16. Lots of overlap as Judy mentioned and it all comes back to the core, the goals of the blog. I’ve always seen a big difference when the blog IS the business vs. when it’s a tool for developing or promoting one, be it for an individual (author, speaker) or company/brand pushing products and services.

    Having not attended either conference, I can’t really say. Different reasons people attend events, different goals will drive the different types of content. I do think BlogWorld is onto something w/ the rebranding, trying to push blogging and self-published content to the next level. People invest time and money, so they need to be able to get something they can’t get elsewhere, something that’s actionable and doable per their goals. Any event that keys into the objectives of attendees has a greater chance of success.

    As for me, I’d rather attend.. neither. It’s not that I’ve learned all I need to on social media, on content marketing, it’s just that my time and budget are limited. Were I in the market for more events, it’d be one geared to business owners, managers, directors – those biting fish I hear tell of. ;-) FWIW.

    • Great points Davina, and I think there are many, many people in your same boat actually.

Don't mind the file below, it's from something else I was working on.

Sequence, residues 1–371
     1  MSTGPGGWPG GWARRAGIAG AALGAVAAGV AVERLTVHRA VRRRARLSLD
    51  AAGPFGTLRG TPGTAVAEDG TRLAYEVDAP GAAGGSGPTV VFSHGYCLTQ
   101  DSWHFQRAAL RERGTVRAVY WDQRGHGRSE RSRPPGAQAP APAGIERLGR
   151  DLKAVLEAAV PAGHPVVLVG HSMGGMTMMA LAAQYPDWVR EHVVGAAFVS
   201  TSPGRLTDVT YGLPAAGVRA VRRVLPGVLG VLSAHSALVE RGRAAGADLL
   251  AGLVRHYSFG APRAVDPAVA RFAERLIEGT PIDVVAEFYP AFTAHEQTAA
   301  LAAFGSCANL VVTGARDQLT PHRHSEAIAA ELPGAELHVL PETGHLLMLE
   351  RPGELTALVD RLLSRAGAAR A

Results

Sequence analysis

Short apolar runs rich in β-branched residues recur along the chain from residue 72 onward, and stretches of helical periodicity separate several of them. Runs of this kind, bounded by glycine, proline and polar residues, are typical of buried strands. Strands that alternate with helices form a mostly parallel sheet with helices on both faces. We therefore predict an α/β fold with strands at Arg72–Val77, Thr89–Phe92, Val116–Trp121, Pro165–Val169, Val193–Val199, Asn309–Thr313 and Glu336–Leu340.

Thanks for all your support, I do certainly appreciate it. :-)


  17. Hey Marcus –
    I thought you might be interested in something Seth Godin said about 3 yrs ago – “Synchronizing buyers to improve efficiency and connection is a high-value endeavor and it’s right around the corner. It will permit mesh products, better conferences, higher productivity and less waste, while giving significant power to consumers and those who organize them” I take this as having a similar belief as you.
    I think the economics will have a lot to do with niching them as well.
    take care.

    • Dang John, looks like Godin was wayyyy ahead of me on this one. ;-)

      Awesome quote bud, thrilled you stopped by to share.


  18. Danyelle Franciosa

    That shows how faster is growing is digital world and I am truly amaze with it. I would rather attend a conference that is Niche specific because it helps you to develop more about writing a niche blog.

  19. Well done, Marcus. As a solopreneur serving “traditional” business, I feel like a freak. Online I spend far more time working on other people’s business (OPB) than I do my own online presence. My work definitely falls into the VERY business oriented category, even though my own online work is…well, very undefined.

    For the past 30 plus years I’ve spent my life attending CES (Consumer Electronics Show) and other conferences where the crowd had quite a lot in common, even if they represented varied segments of an industry.

    None of my clients would be remotely interested in the “make money online” genre, but would be very interested in things like lead gen, traffic gen and even much less discussed things like using content for internal training programs.